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Eep, got caught up with meatspace stuff, forgot about the cyberspace tasks. :p

It's weird to envision these priests in this formal, Catholic-type religion wearing these animal furs, like a shaman or something. I don't know how much choice they have in the way of garments, especially in desert regions where cotton and suchlike wouldn't grow, but still... weird mental image!

"Baronial stock from Denver"... a hint at a return to a sort of feudal system type setup, perhaps? It seems in many ways, the world has devolved back to the middle ages!

Hah, now the old man in the desert is definitely starting to take on more significance. Except that if it's actually centuries after the Flame Deluge, it obviously can't be Leibowitz... unless it's his spirit, or "sending," or whatever... and I don't know yet if this is supposed to be that type of book!

Um... strapping novices on the bare buttocks? Man, that... just... nevermind. (I imagine if it were written today, it'd be intended to mean something, but back in the 50s? I dunno!)

Yeah. Francis definitely isn't All That Bright. Maybe the Abbot should draw him some nice pictures...? I feel like I should like him (Francis that is), but I think I'd just be too aggravated if I knew him in real life, and that's getting in the way.

"I can tell you that the Reverend Father Abbot has ordered the entire novitiate to drop the subject." This is a bit odd coming just after it says that the Abbot is the type not to undermine his own authority by giving commands that can easily be disobeyed, and can't be enforced!

Okay, I'm trying to figure out what a "sport" is in this society. I thought at first it was just the old man using a colloquial term like we'd use these days, "hey sport!"... but Francis seems to be using it to mean something specific, alongside "monster-born". Hum.

Poor Francis though. Not allowed to profess his vows, just because he's too much an idiot to pick up on the Abbot's... I don't know if "subtleties" is the right word, since they're not subtle for most of us (I'd think), but seem to be too subtle for Francis!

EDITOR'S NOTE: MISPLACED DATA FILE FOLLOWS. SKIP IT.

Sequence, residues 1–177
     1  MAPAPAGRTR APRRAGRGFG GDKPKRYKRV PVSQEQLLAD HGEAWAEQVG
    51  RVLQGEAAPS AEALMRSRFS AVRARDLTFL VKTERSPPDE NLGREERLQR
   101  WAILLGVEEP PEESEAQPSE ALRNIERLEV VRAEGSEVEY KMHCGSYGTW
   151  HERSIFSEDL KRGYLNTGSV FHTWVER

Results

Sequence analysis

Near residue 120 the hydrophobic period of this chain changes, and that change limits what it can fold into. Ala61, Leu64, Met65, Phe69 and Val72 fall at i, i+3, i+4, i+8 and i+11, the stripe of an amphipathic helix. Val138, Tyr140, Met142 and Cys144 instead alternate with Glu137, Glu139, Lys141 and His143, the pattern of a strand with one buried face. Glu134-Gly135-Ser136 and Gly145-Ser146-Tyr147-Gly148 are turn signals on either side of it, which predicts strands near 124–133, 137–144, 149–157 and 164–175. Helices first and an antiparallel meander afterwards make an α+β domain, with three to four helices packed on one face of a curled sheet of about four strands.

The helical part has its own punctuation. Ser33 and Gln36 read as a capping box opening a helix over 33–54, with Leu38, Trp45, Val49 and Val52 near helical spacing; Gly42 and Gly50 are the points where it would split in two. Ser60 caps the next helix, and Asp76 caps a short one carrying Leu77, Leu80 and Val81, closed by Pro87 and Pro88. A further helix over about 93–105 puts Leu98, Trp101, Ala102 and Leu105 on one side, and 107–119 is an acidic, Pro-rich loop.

"The White Palace"... the White House, I presume? It seems odd though that they'd know that much about it, that it's a white building, and not know the proper name. But oh well, who knows how things might become garbled.

Aaah, chapter six. I wondered if we were going to get a bit more direct backstory on the "Flame Deluge." I guess so, even if it's through the eyes of the book's present day society. Of course, not doing it through their eyes would be too much of a jarring note.

Hm, okay, at least I'm seeing a bit more reason behind the simplification I guess, although it still seems a bit weird to cut off any chance of semi-quickly regaining some sort of society and comfort. But once you've gone that long and so harshly without... At least it's more plausible.

Poor Francis.


(Deleted comment)
Sep. 6th, 2011 04:03 pm (UTC)
Heh. I looked it up too, and then tried to comment in response to your "there are only two options", but the comment got eaten. Stupid LJ app.

Anyway, with only three chapters in and only one Jewish character mentioned in the world so far, I can definitely see why Leibowitz himself sprang to mind. I'm kind of hoping it doesn't turn out to be him, for the reasons stormfeather gave.

and in fact forgot that Hebrew is read right to left, even.

The pilgrim did mention that! But that's actually one of the reasons I think it wouldn't make sense for the pilgrim to be Leibowitz. From that letter, Leibowitz sounds like a perfectly normal mid-20th century person, writing in standard English. Saying "still writing backwards, I see" doesn't make sense from that background. On the other hand, if you come from a time when writing R-to-L was the norm, the statement could make sense. (Or, I suppose, if there was some measurable advantage to one direction over the other, but I don't know of such, either in the book or the real world.)

I am pleased that Miller goes & explains the characters right off. If we weren't reading this in three-paragraph chunks, dropping the book to go off and find a Hebrew dictionary just wouldn't have happened, so I'm glad he doesn't make the reader wait that long.

Note to desdenova: This is where print book wins over e-book. The Kindle version of the book has a big fuzzy gif for those characters, or at least that's what I saw; something that resembles atomic microscopy, and would only be interpretable if you already knew what you were looking for. The book just had a pair of characters in a nice, clear, Hebrew font.
Sep. 6th, 2011 04:23 pm (UTC)
I didn't think about the Wandering Jew. Then again, I'm not sure if I knew about it before you mentioned it. (I mean, that's the type of thing I should remember, whether I knew something or not... but there are so many cursed wandering types in religion, folklore, fiction, etc...)

Well okay, there's Cain and the Ancient Mariner... And sorta Schmendrick... I'm sure there are more, but they're not springing to mind as quickly. Then again it's early and the coffee hasn't had much chance to circulate yet.

*Looks at clock* okay, not THAT early, but I can't wake up for some reason.

And yeah, I guess if magic/saints/etc. are real in this story, it's totally possible it's Leibowitz, but like I mentioned I'm not sure yet if this story IS that type of story.